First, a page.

Chris was granted ten minutes with Jitendra at the IG’s office after the French Embassy sought permission. Chris was astonished to see Jitendra working on his laptop as if nothing had happened. He didn’t seem upset—more impatient than anything else. When he saw Chris, he gave him a polite smile.
Was this man a suspect in detention or a CEO in detention? How cold and arrogant he looked. Poor Katia!
Chris shook Jitendra’s hand and took the seat opposite the small desk. ‘Mr Malhotra, I believe your chauffeur attacked your wife. Is that right?’
‘She was having an affair,’ Jitendra snapped. ‘Raoul found out and told me. I asked him to stay there until I returned as I didn’t want that man in my house. Then I got a call about Katia being assaulted. Raoul would never do something like that.’
Chris noted the name of the man he mentioned. Chris knew Denzil D’Souza. He was a journalist—a good one—and stayed in the same block. Why would Denzil want to get involved with a married woman was his first thought. But then, supposing Denzil was doing an investigative story on Jitendra or his business, it was only natural he’d talk to Katia. Maybe Jitendra had something to hide and didn’t want Katia spilling the beans.
‘Are Roopa and Samitha your children?’ Chris had no idea why he had asked that question; it just came out! It was quite a personal question, but it struck him that it would explain the children’s different recounts of the events.
‘Roopa is from Katia’s first marriage, but I accepted her as my daughter. You can confirm that with her.’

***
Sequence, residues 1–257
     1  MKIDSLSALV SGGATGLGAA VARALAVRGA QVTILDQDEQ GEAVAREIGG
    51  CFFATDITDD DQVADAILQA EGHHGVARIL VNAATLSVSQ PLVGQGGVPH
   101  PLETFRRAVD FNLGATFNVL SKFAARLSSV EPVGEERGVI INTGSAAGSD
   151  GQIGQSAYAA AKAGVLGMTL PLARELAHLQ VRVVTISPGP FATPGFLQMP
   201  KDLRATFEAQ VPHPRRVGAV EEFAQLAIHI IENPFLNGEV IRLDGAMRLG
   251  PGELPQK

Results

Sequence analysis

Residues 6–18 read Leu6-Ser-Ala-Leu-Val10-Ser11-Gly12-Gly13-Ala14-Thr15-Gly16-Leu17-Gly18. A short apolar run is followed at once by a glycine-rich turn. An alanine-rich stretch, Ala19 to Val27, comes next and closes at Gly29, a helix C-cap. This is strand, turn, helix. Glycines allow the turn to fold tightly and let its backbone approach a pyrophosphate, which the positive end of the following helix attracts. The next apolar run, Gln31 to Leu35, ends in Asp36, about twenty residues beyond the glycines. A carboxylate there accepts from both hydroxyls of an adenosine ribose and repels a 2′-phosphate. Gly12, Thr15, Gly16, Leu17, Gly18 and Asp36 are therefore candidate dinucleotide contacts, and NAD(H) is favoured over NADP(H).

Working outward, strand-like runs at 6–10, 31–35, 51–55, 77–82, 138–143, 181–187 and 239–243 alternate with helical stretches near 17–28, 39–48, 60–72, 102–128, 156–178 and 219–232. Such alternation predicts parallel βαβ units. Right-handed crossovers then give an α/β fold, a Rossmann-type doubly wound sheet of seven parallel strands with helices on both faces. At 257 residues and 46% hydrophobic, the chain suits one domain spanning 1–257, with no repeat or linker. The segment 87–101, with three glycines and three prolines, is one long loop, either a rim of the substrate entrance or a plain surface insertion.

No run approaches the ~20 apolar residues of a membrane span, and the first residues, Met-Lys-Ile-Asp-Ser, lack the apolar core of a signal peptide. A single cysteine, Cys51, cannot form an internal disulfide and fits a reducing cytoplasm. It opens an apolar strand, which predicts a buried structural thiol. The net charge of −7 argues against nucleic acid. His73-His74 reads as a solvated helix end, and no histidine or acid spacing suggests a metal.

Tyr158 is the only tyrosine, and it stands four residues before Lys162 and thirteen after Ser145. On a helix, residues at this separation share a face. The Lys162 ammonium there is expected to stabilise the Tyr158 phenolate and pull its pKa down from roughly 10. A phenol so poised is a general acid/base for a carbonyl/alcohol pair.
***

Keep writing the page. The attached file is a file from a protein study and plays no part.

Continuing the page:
‘Mr Malhotra, if I take Roopa’s testimony, you were at work and are innocent. If I take Samitha’s testimony, you jumped on your wife. If I take your wife’s testimony, Raoul assaulted her. And now you mention that Denzil is involved with your wife.’
That night, Chris and Ron sat on the balcony of Chris’s condominium, sharing the latest developments over a glass of fine wine. Chris told him about the meeting, and Ron added the new name to his table. Then, suddenly, Chris stood up, excused himself, and pelted to the Malhotra’s apartment. There were some unanswered questions, and hopefully, the kids weren’t asleep.
When the door opened, a strange French woman stood before him.
‘Bonsoir!’ she said in clipped tones. She didn’t seem too pleased with the late evening visit.
Chris flashed a smile and his badge. The woman looked at Roopa and then at Samitha. Samitha darted to Chris’s side and said in her usual style, ‘Mama was discharged from the hospital this evening and is resting. Papa is at the police station. Raoul is in prison. Uncle Denzil just called. And this is my Aunty Brigitte from France.’
‘When did you arrive?’ he asked the woman in French.
He scribbled Brigitte’s name in his notebook and the information about Denzil’s call. The case was getting more complicated, he thought, as he eyed Roopa. She seemed very quiet and somewhat vulnerable. Samitha took Chris’s hand and invited him to enter. Brigitte strode back to the guest room after excusing herself.
‘Does Uncle Denzil ring often?’
Roopa’s eyes flashed. ‘My mom and Uncle Denzil are in touch, yes.’
Chris looked at her in surprise. Why had she gone on the defensive? ‘Are they close?’
Roopa gave him a long, considering glance. ‘Do you know you are too curious? Why are you on the case anyway? Do you work for the French Embassy?’
‘You can say that,’ Chris said with a smile. Something was definitely fishy with her reaction, Chris thought. Then he turned to Samitha and gave her a wink.